TrueCrypt Automation using Shell Scripts on Mac OS X

TrueCryptThis is probably a fairly unique situation, but I thought I’d post it here just to see how many people might have the same need. I use TrueCrypt almost exclusively as my encryption solution due to the fact that it’s both cross platform and open source, and because it’s highly secure and “just works”. Really, I don’t know why anyone wouldn’t use it; it really is the ideal encryption solution.

That said, I often find myself having to create new volumes, and I find that process to be relatively cumbersome. I prefer to have many smaller volumes than one or two large volumes, primarily because they sync up via Dropbox (actually just recently I switched to Google Drive), and online sync services do much better with smaller files than, say, a 50GB file.

The non-automated way to create and mount a volume seems to take ages; you run through the wizard, wait for the volume to be created, go hunt for the file, mount it, and then you’re finally good to go. It requires entering your password not once but three times, and just gets irritating after having to do it even once a day. To solve this, I looked into TrueCrypt’s command line options, and created a couple of shell scripts to make things much easier. Read on after the break to dive into the scripts.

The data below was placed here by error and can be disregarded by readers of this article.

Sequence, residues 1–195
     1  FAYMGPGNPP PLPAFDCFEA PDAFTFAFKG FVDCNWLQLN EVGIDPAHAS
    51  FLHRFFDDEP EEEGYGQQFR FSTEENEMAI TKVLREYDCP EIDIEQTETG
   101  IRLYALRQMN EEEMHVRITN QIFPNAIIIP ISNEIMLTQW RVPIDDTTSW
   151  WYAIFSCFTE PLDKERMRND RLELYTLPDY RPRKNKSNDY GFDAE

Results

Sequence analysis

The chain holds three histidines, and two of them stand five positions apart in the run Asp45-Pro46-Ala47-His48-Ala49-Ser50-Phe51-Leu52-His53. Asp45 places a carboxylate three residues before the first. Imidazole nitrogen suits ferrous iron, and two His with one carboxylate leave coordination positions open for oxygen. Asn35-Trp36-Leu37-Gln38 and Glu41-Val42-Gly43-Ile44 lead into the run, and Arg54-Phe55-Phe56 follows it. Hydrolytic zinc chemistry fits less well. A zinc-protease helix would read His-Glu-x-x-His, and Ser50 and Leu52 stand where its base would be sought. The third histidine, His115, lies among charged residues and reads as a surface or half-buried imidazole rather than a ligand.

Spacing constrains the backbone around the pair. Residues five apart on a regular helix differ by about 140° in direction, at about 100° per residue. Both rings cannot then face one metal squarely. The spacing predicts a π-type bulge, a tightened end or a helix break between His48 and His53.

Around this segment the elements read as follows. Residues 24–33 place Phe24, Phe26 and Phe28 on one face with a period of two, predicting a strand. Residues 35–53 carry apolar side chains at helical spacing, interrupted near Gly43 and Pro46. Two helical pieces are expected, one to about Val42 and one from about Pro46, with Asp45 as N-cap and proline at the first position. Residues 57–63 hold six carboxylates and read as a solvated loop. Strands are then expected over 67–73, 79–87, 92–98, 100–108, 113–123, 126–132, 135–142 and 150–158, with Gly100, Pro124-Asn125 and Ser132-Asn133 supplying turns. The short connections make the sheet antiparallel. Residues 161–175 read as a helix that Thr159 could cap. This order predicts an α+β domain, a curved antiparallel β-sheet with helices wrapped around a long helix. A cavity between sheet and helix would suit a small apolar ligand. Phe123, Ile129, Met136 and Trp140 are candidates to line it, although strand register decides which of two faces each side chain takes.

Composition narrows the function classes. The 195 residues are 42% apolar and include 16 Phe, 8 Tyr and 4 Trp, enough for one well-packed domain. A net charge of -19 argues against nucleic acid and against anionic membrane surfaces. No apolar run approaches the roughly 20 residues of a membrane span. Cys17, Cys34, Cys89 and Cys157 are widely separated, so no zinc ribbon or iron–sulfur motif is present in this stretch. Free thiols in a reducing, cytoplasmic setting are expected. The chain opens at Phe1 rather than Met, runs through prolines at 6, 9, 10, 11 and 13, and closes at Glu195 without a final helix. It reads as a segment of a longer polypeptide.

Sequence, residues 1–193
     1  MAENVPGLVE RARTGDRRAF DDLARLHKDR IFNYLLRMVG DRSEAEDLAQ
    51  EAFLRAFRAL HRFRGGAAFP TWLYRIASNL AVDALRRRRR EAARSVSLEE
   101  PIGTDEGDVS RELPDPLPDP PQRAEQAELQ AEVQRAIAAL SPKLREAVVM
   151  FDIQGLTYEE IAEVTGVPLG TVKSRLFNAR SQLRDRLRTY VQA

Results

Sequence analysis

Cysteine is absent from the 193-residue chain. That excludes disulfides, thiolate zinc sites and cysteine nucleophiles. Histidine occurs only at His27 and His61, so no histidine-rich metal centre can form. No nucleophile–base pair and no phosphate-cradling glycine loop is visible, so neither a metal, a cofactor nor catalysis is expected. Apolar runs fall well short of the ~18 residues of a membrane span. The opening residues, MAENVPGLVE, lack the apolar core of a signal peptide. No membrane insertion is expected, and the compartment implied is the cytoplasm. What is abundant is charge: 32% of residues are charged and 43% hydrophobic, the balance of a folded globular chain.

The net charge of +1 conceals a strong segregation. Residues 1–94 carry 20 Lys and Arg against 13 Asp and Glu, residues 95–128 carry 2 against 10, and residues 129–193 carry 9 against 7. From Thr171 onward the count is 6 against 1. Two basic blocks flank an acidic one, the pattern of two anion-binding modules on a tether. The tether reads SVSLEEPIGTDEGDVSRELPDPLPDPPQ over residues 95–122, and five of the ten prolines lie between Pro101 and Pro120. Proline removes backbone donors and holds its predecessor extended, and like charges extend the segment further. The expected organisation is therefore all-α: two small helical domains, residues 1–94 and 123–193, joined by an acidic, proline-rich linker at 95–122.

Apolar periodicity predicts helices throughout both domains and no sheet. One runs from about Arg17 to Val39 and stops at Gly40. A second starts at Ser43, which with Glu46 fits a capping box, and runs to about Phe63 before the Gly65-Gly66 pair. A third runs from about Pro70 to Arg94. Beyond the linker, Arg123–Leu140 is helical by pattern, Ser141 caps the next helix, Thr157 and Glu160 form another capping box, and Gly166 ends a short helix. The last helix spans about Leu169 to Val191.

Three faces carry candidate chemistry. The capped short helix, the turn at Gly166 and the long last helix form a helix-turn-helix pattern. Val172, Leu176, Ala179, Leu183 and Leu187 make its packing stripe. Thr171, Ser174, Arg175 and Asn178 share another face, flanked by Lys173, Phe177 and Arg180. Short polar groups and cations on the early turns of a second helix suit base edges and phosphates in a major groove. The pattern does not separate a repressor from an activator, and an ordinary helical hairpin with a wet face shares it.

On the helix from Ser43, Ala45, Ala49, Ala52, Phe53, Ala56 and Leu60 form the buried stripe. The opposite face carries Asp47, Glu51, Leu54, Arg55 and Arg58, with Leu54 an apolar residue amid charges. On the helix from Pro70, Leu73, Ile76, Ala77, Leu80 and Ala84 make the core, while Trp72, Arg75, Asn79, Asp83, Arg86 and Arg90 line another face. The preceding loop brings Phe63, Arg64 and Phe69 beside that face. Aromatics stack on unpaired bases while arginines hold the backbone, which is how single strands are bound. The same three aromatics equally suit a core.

These shell scripts were specifically built to be used on Mac OS X Lion (my current version is 10.7.3). I would imagine that they most likely work on any recent and forthcoming OS X version, but I have not tested them on anything other than 10.7.3. Most likely these also work (or can be easily adapted to work) on Linux, but again, I have not tested them there.

Let’s jump right into the code for the scripts. The first script I wrote I named “” with the purpose of creating a new volume, immediately mounting it, and then dismounting it when the user is finished. Here comes the code…

DIR=$(cd "$(dirname "$0")"; pwd)
cd "$DIR"
read -p "Please enter the name of the file to create: " ENCFILE
read -p "Please enter the name of an existing file to use as the random seed: " ENCSEED
read -p "Please enter the password to use for the encrypted file: " ENCPASSWORD
/Applications/ -t -c "$ENCFILE" --random-source="$ENCSEED" --password="$ENCPASSWORD" --filesystem=FAT --volume-type=normal --encryption=AES --hash=ripemd-160 -k ""
/Applications/ -t --mount "$ENCFILE" "/Volumes/tc1" --password="$ENCPASSWORD" -k "" --protect-hidden=no
read -p "Copy files and then press Enter to dismount... "
/Applications/ -t -d

You’ll want to copy and paste this into your favorite text editor and save the file with a “.sh” file extension. After saving the file, there’s a couple of things you need to do in order to make the file executable and easy to open. The first is to change the permissions on the file to allow it to be executed. Open up Terminal and type the following: